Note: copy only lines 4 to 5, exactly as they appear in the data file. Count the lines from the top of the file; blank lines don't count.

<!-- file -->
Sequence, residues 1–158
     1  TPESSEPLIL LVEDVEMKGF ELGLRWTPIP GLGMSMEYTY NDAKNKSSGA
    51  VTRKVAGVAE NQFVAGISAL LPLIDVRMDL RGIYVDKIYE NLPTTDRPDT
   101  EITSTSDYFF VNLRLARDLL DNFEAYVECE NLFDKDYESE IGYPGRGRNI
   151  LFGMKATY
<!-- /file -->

   101  EITSTSDYFF VNLRLARDLL DNFEAYVECE NLFDKDYESE IGYPGRGRNI
   151  LFGMKATY